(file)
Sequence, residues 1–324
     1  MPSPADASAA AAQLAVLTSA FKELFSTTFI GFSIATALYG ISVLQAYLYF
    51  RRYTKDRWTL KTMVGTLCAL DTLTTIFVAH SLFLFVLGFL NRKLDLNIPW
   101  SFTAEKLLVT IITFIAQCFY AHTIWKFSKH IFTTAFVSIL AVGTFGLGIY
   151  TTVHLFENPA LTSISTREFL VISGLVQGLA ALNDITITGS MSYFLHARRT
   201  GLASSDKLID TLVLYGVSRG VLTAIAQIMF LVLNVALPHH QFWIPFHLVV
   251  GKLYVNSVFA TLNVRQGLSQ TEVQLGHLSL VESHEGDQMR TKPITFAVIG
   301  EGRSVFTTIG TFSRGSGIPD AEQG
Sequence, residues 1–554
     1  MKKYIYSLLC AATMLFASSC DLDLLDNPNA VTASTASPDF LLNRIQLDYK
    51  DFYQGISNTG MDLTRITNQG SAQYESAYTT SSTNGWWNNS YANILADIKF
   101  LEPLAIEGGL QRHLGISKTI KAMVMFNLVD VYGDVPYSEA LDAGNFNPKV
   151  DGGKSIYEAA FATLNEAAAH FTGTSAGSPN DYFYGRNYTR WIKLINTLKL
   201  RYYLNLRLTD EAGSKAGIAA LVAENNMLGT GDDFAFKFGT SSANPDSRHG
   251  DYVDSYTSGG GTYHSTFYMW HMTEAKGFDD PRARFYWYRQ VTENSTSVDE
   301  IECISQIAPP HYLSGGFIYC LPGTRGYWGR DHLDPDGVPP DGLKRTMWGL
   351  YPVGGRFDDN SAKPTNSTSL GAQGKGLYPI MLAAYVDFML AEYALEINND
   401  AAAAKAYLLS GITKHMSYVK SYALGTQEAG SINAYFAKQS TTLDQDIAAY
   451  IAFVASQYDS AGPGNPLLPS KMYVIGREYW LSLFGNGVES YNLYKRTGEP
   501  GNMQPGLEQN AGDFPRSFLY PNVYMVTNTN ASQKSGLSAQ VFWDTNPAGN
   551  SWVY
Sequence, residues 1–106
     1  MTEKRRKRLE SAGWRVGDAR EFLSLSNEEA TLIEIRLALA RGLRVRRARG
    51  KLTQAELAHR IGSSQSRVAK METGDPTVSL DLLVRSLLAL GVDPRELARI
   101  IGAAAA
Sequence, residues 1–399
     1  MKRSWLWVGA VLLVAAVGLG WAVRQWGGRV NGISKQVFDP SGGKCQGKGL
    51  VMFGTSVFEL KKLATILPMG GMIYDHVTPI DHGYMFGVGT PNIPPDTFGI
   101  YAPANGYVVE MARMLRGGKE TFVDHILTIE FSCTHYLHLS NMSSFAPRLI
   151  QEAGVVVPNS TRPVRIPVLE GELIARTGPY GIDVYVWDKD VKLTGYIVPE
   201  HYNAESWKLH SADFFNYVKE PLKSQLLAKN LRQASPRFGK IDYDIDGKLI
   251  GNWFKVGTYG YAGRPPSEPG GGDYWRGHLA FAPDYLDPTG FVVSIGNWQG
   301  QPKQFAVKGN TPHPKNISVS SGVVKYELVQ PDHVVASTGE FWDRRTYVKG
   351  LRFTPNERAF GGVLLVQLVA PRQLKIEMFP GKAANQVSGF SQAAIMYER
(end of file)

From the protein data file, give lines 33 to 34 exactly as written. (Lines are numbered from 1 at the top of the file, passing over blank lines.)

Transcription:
   301  QPKQFAVKGN TPHPKNISVS SGVVKYELVQ PDHVVASTGE FWDRRTYVKG
   351  LRFTPNERAF GGVLLVQLVA PRQLKIEMFP GKAANQVSGF SQAAIMYER